The town of Yampa has changed the way it publishes information about proposed town ordinances. Instead of publishing the entire text of proposed ordinances in a legal notice in the Steamboat Pilot & Today, the town now will publish only the ordinance title — a move voters approved yesterday.
Steamboat Today editorial board — January to April 2014
- Suzanne Schlicht, COO and publisher
- Lisa Schlichtman, editor
- Tom Ross, reporter
- Karl Gills, community representative
- Will Melton, community representative
Contact the editorial board at 970-871-4221 or editor@SteamboatToday.com. Would you like to be a member of the board? Fill out a letter of interest now.
Colorado Revised Statutes require towns to publish proposed new ordinances in a local newspaper. The purpose of these publications is to keep governmental entities accountable to the residents they serve by reporting to the public on the way they are conducting business. Legal notices are published in the Steamboat Pilot & Today on Sundays and can be viewed, free of charge, on the newspaper’s website. Under the same state law, towns with home rule charters also are allowed to publish ordinances by title only if voters approve that procedural change in a municipal election.
Yampa town leaders sought the legal notice change as a way to save money, but it is our contention that the small cost savings, if any, that Yampa will realize is far outweighed by the greater loss of public accountability. Residents now will have to visit Yampa Town Hall and look through the town’s ordinance book to learn about proposed ordinances or, if motivated enough, they could access the information through the town’s new website, which is yet to be completed.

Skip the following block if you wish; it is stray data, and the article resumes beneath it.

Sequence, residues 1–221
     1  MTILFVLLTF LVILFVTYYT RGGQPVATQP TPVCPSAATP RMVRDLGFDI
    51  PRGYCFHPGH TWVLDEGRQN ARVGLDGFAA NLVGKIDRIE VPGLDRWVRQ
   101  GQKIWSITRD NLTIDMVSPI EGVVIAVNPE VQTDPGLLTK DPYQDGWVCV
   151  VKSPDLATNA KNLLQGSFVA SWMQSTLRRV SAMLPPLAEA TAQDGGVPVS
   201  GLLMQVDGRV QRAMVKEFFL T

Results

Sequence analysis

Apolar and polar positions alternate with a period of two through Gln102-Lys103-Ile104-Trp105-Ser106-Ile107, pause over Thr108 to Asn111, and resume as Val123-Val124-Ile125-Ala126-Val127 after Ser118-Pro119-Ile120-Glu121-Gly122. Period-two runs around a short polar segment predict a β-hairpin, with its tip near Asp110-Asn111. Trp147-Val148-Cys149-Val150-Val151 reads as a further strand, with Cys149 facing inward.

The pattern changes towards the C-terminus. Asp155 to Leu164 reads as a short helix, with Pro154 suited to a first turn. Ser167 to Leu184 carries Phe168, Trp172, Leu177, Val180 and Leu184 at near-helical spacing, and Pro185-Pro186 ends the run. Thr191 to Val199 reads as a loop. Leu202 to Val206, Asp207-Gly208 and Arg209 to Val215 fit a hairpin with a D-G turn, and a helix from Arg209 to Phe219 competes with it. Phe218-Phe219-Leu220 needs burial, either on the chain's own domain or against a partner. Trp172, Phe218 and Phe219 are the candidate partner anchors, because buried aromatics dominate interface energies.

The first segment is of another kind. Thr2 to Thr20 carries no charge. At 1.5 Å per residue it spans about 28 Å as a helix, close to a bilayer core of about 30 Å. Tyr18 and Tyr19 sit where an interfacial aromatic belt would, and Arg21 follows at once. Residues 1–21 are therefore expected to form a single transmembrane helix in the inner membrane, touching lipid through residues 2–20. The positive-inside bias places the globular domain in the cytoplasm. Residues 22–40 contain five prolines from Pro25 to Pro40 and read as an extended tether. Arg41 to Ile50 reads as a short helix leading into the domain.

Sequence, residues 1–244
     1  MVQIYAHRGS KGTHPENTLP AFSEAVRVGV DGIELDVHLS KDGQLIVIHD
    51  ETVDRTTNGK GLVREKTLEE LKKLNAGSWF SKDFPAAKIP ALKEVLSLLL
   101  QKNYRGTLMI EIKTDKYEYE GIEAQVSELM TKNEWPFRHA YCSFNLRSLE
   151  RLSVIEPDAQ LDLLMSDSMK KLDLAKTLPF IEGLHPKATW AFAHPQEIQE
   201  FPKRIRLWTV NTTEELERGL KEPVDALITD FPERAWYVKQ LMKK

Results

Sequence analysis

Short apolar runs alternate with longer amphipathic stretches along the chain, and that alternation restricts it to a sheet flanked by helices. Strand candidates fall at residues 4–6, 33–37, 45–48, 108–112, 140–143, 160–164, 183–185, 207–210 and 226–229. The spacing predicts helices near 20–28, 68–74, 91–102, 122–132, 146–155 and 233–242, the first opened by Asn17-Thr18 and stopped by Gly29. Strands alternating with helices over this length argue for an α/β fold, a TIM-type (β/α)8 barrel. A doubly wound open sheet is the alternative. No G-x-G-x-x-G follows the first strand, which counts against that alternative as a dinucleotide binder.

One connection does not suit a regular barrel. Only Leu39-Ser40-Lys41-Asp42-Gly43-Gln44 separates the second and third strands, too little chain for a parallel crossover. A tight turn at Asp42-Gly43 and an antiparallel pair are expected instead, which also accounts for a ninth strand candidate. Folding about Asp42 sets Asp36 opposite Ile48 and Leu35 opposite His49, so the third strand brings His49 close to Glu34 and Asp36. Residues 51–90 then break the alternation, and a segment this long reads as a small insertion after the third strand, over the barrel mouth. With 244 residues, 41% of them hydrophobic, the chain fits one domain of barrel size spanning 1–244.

Up until Tuesday’s vote, Yampa residents could read the entire text of proposed ordinances in the newspaper’s print and website editions, or they could find this information on a fully searchable state website where legal notices from across Colorado are published. We strongly believe that having ordinances easily accessible through second-party, independent platforms is crucial to open and transparent government, and we are disappointed to learn that Yampa will follow Oak Creek and no longer provide full ordinances in the newspaper’s legal section.
Let us be abundantly clear. The newspaper does get revenue from publishing legal notices. In 2013, the city of Yampa spent $1,502.66 on ordinance publications, which is 3/10 of 1 percent of the city’s annual budget of $437,346. The town still will be required to publish the title of proposed ordinances to notify residents that the ordinances are being considered, so the full amount will not be saved. Given this continued cost and the cost to build and maintain a website, we doubt the town will realize any savings at all.
We appreciate the town of Yampa’s focus on fiscal responsibility, and we also support its plans to develop a city website, but we think the loss of transparency and limited access to information for local residents that will come as a result of limiting ordinance publications to title is not worth the fraction of a single percent the town may or may not save with this change.
It also should be noted that the Steamboat Pilot & Today publishes legal notices at a rate established by the state Legislature, and that fee has not changed in 21 years. The publication of publicly supported legal notices could be viewed as a service rather than a major revenue generator.
By publishing ordinances by title only, Oak Creek and Yampa also remove vital information from the public domain. When notices are published in newspapers, they become part of a permanent record, which is catalogued in the newspaper archive and included in the state database of legal notices.
We think it’s important that local residents understand and know exactly which new laws are being considered by town leaders, and this best happens when proposed ordinances are printed in their entirety in newspapers of record.
Government has a duty to make public information as available and as easy to access as possible. Reading the title of an ordinance and then being forced to track down the rest of the information places an undue burden on residents and makes access to government just that much more difficult.